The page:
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If The Cap Fits, Pay It

Over the last few years, investment banks and investment bankers have turned into public enemy number 1, a cross between Jack the Ripper and Judas Iscariot. There’s no doubt that the way in which investment banks were rewarding employees caused significant damage. Given the public opprobrium and pressure on the Government to tackle matters, bonuses are already declining massively in the City. It now looks like we are to have a bonus cap from next year.

Last week The European Parliament voted to limit bankers' bonuses in EU banks. To curb speculative risk-taking, the agreed basic salary-to-bonus ratio will be 1:1. This could be raised to a maximum of 1:2 if approved by at least 66% of shareholders owning half the shares represented, or of 75% of votes if there is no quorum. To encourage bankers to take a long-term view, a minimum of 25 % of any bonus exceeding 100% of salary, must be deferred for at least five years.

The legislation will require banks to disclose profits made, taxes paid and subsidies received country by country, as well as turnover and number of employees. From 2014, these figures should be reported to the European Commission and from 2015 made fully public. Banks will be supervised by national banking authorities in collaboration with the European Banking Authority (EBA),whose supervisory powers will be expanded.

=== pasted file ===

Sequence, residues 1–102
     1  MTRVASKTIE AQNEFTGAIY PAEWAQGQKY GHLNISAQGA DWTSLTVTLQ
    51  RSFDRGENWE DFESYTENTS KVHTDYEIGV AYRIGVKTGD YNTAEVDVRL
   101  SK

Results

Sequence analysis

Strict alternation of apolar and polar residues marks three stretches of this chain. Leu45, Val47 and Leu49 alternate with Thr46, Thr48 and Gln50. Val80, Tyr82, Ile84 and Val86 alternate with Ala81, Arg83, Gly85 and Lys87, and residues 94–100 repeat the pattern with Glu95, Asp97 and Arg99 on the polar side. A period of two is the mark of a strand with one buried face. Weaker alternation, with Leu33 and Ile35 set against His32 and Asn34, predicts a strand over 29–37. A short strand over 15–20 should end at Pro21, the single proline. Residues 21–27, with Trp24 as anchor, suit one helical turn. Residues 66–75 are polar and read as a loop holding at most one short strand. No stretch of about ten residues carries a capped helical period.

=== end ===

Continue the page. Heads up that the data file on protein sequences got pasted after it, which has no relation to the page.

But is this a good thing? One MEP says it’s not enough. Another commentator says capping bonuses is an irrelevance. The Government fears it will have so much impact that it will drive the financial markets out of London.

Earlier this year The Wall Street Journal ran an article suggesting that the best young minds are leaving the banks, or are not attracted to the industry anymore. The cause is thought to be years of losses, scandals, bad press and the way that new regulations that have curbed activities. Amongst others, former U.S. Federal Reserve chairman Paul Volcker argues that innovation has little place in the financial sector, and having more conservative bankers and fewer heavy risk takers running Wall Street will reduce the chances of another blow-up like the financial crisis. They consider it will also help to increase wealth generation in more important parts of the economy, such as manufacturing and software.

From an employment point of view, what impact will it have? Clearly those who work in this environment are motivated by cash and lots of it. Will a cap of this type damage investment banking as a career? Will we lose a lot of talent? Will banking be as attractive a prospect for young, bright graduates?

It’s impossible to give a straight yes or no. We can only give rewards that are affordable and don’t damage the economic and social structure around us. It’s not the bonuses that were the problem so much as the way in which employees were permitted to earn them. If the effect of investment banking is to slash and burn the economy (as it formerly did),the bonuses are unethical, unmerited and shouldn’t be paid. But if the system supports and builds the wider economy in a healthy way, there’s no reason why bonuses shouldn’t reflect the value they bring in. If there is a cap, it may reduce the attractiveness of the career in the short term, but investment banking is still a highly–paid job and good jobs are hard to come by. It probably won’t take too much of a dent in its recruitment.

If you need help with recruitment or rewards, or any other aspect of HR get in touch.

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